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Occurrences &The Decalogue
One of the words translated as "kill" or "murder" in Hebrew is רצח (rasah). This word is often used in conjunction with two other Hebrew words associated with killing --  מות and הרג.

The root of רצח occurs 38 times with nearly half the occurrences taking place in Numbers 35, which deals with the cities of refuge for accidental manslaughter.  The first occurrence of rasah is in the Decalogue in Exodus 20, "You shall not Murder."

Kill or Murder?
While translated by the KJV as "kill" in the Decalogue a more accurate rendering of רצח in context and employed by modern translations, is "murder."  The Theological Dictionary of the Old Testament notes this word is used of,  "...culpable killing by use of force."

Other noteworthy examples of the usage of רצח include:
  • This word is never used for killing in warfare or self-defense (cf. Numbers 35:27,30).
  • This word is not used for suicide.
  • This word is used for execution of criminals by civil authority.
  • This word does not carry specificity as to the means of death.

Noting the usage of this word, we gain further insight into the commandment, "You shall not murder" in the Decalogue.

Hebrew Mnemonic for "Murder" 
To recall "rasah" is " he murdered" find a "sound-alike" word for "rasah." For myself, it sounds like "red sock."  Associate your "sound-alike" to the definition of " he murdered."  I vividly picture myself  murdering a "red sock."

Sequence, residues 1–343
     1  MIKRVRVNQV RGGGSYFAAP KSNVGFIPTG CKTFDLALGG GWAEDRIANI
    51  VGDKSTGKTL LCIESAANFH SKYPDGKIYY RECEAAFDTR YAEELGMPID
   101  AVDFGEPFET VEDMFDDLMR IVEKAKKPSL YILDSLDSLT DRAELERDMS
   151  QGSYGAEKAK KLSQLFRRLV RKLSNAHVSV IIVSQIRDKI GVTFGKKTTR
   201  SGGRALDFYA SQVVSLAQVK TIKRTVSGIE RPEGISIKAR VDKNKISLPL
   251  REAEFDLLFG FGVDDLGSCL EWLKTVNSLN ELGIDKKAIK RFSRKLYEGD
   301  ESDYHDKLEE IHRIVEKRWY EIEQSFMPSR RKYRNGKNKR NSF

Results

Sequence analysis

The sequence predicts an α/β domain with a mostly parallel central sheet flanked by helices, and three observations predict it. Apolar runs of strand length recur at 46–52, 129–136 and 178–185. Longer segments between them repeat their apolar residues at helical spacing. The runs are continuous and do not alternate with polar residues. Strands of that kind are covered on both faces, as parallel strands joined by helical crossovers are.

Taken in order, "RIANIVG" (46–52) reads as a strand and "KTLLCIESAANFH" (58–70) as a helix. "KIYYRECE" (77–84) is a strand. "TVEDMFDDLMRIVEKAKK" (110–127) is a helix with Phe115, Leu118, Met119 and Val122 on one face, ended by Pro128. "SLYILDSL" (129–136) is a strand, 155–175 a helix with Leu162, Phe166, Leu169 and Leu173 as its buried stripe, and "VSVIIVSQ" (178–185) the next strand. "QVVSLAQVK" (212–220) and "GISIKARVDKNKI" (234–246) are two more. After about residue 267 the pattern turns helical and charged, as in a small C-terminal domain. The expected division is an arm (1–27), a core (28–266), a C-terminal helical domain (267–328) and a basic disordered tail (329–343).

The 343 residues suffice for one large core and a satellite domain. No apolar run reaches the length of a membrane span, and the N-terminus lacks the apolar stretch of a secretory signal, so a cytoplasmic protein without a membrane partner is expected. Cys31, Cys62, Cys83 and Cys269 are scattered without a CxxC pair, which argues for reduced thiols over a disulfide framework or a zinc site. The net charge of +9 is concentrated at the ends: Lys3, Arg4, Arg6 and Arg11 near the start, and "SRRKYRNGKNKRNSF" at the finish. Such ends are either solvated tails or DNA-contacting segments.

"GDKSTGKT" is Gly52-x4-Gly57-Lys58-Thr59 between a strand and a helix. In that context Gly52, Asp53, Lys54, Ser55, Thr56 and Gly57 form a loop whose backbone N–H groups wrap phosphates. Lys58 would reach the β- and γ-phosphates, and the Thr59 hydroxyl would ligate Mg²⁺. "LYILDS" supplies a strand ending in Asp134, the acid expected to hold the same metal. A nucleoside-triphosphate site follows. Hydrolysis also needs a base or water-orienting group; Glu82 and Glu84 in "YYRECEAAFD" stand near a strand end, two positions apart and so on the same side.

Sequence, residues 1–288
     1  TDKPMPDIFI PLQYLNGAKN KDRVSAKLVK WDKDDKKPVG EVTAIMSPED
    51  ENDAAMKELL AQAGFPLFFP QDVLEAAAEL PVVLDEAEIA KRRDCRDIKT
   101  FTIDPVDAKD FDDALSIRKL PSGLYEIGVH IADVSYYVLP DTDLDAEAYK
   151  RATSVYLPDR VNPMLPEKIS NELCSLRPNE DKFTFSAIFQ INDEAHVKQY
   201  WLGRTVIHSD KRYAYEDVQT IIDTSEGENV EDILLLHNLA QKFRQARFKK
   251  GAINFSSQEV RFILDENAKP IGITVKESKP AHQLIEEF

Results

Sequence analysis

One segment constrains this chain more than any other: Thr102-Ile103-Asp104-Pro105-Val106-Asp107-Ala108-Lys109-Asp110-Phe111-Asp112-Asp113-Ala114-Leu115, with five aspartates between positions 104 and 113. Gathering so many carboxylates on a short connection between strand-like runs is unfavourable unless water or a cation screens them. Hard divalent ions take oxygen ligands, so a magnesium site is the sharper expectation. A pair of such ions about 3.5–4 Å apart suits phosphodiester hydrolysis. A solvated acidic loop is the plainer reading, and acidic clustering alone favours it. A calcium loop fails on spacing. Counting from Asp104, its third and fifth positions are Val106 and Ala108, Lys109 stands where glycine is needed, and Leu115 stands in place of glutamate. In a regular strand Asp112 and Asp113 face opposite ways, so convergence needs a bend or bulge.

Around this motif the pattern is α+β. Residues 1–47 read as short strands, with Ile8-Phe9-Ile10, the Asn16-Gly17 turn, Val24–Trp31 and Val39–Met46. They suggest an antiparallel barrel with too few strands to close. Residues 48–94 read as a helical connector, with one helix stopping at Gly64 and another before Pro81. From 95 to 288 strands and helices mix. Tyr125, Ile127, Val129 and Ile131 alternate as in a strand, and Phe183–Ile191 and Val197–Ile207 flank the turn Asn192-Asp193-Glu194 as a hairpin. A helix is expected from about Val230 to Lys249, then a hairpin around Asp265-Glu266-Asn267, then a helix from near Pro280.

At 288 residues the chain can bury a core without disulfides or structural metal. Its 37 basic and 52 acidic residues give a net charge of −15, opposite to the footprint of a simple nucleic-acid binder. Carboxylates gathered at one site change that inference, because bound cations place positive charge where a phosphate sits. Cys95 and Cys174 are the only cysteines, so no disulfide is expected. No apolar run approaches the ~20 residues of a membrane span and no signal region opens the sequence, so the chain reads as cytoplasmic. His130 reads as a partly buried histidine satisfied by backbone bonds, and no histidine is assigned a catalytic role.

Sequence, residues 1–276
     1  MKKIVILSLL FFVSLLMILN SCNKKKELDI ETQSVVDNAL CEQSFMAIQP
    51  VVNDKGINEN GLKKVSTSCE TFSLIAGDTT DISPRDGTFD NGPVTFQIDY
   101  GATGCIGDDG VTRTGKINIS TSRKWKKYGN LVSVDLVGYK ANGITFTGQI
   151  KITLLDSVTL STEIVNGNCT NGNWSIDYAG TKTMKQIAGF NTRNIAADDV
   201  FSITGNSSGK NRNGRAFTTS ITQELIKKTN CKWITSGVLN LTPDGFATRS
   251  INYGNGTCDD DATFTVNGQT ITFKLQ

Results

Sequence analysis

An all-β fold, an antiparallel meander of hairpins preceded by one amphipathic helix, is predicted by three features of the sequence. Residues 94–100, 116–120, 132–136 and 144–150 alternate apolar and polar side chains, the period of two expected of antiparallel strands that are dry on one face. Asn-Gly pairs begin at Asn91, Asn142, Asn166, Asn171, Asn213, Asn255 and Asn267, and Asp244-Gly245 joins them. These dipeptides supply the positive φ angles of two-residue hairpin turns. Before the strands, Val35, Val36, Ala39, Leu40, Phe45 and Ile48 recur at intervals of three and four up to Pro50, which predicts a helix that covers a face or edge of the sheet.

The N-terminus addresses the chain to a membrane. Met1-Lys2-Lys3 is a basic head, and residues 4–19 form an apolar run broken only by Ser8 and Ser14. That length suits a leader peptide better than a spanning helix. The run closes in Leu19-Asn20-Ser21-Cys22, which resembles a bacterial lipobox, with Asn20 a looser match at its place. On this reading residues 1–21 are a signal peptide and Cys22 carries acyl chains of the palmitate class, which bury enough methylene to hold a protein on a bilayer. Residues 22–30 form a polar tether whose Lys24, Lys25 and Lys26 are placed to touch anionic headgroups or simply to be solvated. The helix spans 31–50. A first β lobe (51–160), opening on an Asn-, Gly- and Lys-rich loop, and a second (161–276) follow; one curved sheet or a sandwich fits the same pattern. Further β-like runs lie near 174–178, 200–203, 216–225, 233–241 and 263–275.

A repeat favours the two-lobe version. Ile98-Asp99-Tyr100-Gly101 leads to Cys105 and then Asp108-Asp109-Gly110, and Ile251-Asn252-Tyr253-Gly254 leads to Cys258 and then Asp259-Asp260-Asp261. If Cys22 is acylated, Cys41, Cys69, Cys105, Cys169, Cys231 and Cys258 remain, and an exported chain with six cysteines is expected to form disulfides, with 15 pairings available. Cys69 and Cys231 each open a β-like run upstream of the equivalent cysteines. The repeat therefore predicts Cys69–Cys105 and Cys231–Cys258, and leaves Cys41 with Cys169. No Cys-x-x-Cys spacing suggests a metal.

Biblical Hebrew Vocabulary Helps
To learn Hebrew vocabulary and grammar quickly and easily, visit us on the web at Biblical Hebrew Made Easy! To see more works by author Blair Kasfeldt, visit his website, Boost Your Memory!

Buy Your Hebrew Vocabulary Guide Today and Master over 700 Hebrew Words Quickly and Easily!

 
 
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Father in Hebrew
 אב (ab) or "father" is most often used in the Old Testament of a paternal father. Thought to be an "onomatopoetic" word for infants addressing their father ('abba' in Aramaic).

"Father" is also used of relationships which mirror the father-child relationship, such as the protector of the poor, "a father to the poor" (Job 29.16); those in secular government authority, "a father to the inhabitants of Jerusalem" (Isa.22:21); priests, prophets and kings (2 Kgs 6:21; Jud 18:19; 1 Sam. 24:11).